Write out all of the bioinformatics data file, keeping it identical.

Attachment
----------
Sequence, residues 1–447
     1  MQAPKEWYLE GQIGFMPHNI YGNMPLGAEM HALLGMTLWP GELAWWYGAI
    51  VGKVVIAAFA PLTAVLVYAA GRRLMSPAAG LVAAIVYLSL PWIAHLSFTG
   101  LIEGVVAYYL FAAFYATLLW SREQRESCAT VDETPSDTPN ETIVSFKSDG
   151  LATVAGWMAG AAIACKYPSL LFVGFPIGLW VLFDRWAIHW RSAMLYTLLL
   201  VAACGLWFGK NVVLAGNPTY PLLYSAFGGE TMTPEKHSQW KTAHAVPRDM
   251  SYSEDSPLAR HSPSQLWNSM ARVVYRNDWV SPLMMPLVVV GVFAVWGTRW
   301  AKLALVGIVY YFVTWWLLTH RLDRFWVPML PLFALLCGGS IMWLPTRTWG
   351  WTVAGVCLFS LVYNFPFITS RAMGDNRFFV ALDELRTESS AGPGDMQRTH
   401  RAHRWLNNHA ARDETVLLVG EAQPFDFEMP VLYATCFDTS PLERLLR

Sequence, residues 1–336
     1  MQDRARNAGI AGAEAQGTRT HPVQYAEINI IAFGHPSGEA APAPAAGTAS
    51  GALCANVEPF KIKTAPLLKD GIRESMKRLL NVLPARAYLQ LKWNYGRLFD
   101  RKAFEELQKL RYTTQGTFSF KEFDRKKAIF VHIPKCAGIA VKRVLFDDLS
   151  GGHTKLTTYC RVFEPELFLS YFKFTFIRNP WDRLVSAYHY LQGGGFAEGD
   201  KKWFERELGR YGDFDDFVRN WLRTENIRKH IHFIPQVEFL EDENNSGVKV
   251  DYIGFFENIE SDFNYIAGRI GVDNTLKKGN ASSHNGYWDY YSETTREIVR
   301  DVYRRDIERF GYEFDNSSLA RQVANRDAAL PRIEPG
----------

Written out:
Sequence, residues 1–447
     1  MQAPKEWYLE GQIGFMPHNI YGNMPLGAEM HALLGMTLWP GELAWWYGAI
    51  VGKVVIAAFA PLTAVLVYAA GRRLMSPAAG LVAAIVYLSL PWIAHLSFTG
   101  LIEGVVAYYL FAAFYATLLW SREQRESCAT VDETPSDTPN ETIVSFKSDG
   151  LATVAGWMAG AAIACKYPSL LFVGFPIGLW VLFDRWAIHW RSAMLYTLLL
   201  VAACGLWFGK NVVLAGNPTY PLLYSAFGGE TMTPEKHSQW KTAHAVPRDM
   251  SYSEDSPLAR HSPSQLWNSM ARVVYRNDWV SPLMMPLVVV GVFAVWGTRW
   301  AKLALVGIVY YFVTWWLLTH RLDRFWVPML PLFALLCGGS IMWLPTRTWG
   351  WTVAGVCLFS LVYNFPFITS RAMGDNRFFV ALDELRTESS AGPGDMQRTH
   401  RAHRWLNNHA ARDETVLLVG EAQPFDFEMP VLYATCFDTS PLERLLR

Sequence, residues 1–336
     1  MQDRARNAGI AGAEAQGTRT HPVQYAEINI IAFGHPSGEA APAPAAGTAS
    51  GALCANVEPF KIKTAPLLKD GIRESMKRLL NVLPARAYLQ LKWNYGRLFD
   101  RKAFEELQKL RYTTQGTFSF KEFDRKKAIF VHIPKCAGIA VKRVLFDDLS
   151  GGHTKLTTYC RVFEPELFLS YFKFTFIRNP WDRLVSAYHY LQGGGFAEGD
   201  KKWFERELGR YGDFDDFVRN WLRTENIRKH IHFIPQVEFL EDENNSGVKV
   251  DYIGFFENIE SDFNYIAGRI GVDNTLKKGN ASSHNGYWDY YSETTREIVR
   301  DVYRRDIERF GYEFDNSSLA RQVANRDAAL PRIEPG